(a) Initialize the rsSet so it is empty.
(b) If the process expression contains (|| A ), then we add the process label on both sides of the (|| A ) into rsSet .
The rsSet will be updated continually when detecting a system call syscall during the detection phase.The updating algorithm is as follows.
Input: the awaiting detection system call syscall ; running state set rsSet .
Output: running state set rsSet .
Algorithm description:
  • Pe Cp,Mp,P,Q; /* declaration process expression */
  • appType atype;
  • instanceID iid;
  • processLabel pl;
  • atype=GetappType(syscall); /*access the application type identifier ofsyscall*/
  • iid=GetinstanceID(syscall); /*access the running instance identifier ofsyscall*/
  • if(pl=FindProcessID(atype,iid,rsSet)) /*if thersSethave not the current running instance,then alert */
  • alert(); /* abnormality, quit, alert */
  • Cp=GetPe(pl); /* access the process expression according topl*/
  • if(Cp contain ||A){
  • P=leftprocessLable(Cp);
  • Q=rightprocessLable(Cp);
  • rsSet.insert(P);
  • rsSet.insert(Q);
  • }
  • else{
  • Mp=migration(Cp); /* process migration function */
  • rsSet.delete(Cp);
  • rsSet.insert(Mp);
  • }
  • Return rsSet;
The migration method in the algorithm is given in Section 5.2, shown in Fig. 4 .
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The behavior detection flow chart
5. Anomalous Behavior Detection and Analysis
In this section, we report the results of behavior detection. The performance of the proposed method is evaluated experimentally.
- 5.1 Extraction of System Call Sequences
There are two situations for extracting system call sequences.
1) When detecting the behaviors of a monitoring node, such as the get-ticket client, the system call sequences at runtime are marked as awaiting detection actions.
2) When detecting the interaction behaviors of multiple monitoring nodes, if the monitoring nodes have a global clock, then the system call sequences of monitoring nodes will combine into one sequence according to the global clock. If these monitoring nodes do not have a global clock, then the events of distributed applications that happen later may be marked with an earlier time tag. We use the time stamp ordering method proposed by Lamport [2] to combine the events into one sequence by logical time sequence.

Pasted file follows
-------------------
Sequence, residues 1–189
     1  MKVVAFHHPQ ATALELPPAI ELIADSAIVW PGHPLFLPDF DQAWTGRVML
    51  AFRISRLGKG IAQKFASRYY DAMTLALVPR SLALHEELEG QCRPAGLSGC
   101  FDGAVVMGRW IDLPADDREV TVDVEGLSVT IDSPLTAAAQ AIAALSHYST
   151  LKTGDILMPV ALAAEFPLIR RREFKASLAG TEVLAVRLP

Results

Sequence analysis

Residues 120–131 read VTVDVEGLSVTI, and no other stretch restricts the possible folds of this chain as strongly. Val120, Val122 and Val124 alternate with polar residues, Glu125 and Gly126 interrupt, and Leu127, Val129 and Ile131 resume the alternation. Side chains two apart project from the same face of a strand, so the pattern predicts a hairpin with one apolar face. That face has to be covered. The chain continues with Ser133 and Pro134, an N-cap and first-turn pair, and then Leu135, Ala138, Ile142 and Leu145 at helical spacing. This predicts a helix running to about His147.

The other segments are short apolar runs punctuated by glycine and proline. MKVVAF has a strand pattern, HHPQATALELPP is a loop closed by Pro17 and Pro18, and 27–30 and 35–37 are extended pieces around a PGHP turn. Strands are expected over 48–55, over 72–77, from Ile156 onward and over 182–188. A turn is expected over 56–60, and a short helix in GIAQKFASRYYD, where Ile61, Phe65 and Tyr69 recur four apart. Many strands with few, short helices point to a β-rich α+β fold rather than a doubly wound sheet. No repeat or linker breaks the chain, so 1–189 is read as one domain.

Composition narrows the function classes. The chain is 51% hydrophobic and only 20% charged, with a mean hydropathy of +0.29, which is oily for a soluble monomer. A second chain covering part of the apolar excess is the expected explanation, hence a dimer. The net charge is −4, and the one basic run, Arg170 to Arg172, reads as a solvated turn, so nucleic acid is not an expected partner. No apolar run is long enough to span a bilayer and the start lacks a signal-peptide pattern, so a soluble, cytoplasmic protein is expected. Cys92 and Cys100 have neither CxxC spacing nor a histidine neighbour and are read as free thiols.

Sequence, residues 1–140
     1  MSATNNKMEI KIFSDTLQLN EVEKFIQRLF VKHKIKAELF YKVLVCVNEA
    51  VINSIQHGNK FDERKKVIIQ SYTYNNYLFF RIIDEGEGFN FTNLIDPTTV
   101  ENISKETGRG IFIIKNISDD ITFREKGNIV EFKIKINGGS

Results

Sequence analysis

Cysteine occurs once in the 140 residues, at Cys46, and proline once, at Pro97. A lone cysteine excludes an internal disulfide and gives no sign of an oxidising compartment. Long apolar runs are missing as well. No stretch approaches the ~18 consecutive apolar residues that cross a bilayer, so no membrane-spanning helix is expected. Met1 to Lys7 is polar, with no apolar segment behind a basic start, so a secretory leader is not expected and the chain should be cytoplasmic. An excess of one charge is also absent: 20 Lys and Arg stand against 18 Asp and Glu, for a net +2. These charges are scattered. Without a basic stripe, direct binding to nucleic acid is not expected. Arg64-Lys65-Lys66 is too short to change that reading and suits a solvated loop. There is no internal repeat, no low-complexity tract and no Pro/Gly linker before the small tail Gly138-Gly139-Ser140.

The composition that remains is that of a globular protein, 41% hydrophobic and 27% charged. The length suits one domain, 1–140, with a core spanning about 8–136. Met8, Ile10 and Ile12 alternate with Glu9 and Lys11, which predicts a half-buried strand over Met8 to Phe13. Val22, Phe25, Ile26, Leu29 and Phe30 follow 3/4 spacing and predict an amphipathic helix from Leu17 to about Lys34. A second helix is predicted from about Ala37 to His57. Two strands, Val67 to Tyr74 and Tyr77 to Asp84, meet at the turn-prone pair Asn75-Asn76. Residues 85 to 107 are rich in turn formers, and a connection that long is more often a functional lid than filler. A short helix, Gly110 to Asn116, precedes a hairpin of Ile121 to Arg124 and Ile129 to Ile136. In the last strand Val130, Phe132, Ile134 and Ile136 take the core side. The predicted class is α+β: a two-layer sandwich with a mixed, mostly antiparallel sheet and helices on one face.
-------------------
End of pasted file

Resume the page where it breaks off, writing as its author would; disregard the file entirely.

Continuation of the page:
- 5.2 Detecting Anomalous Behavior
- 5.2.1 Behavior Detection Algorithm
The primary steps of the detection algorithm are shown in Fig. 4 .
Its main idea is described as follows.
Input: the action sequences extracted according to the methods in Section 5.1;
Output: some alarm information, such as detection log, abnormal system call, and the current rsSet .
1) Initialize rsSet and read the action sequences in turn for detecting.
2) Query the running state set rsSet on the basis of system call information and obtain the running state of distributed applications. Then query the normal behavior database (files *.pe), finding the process expressions associated with the system call.
3) Match the system call with the prefix action of process expressions. If match is successful, then proceed to 4). Otherwise, alert and save the information.
4) Migrate the running state according to the migration rules (files *.pm) and update the migrated state into the running state set rsSet .
5) Read out the next system call and go to 2).
- 5.2.2 Behavior Detection Analysis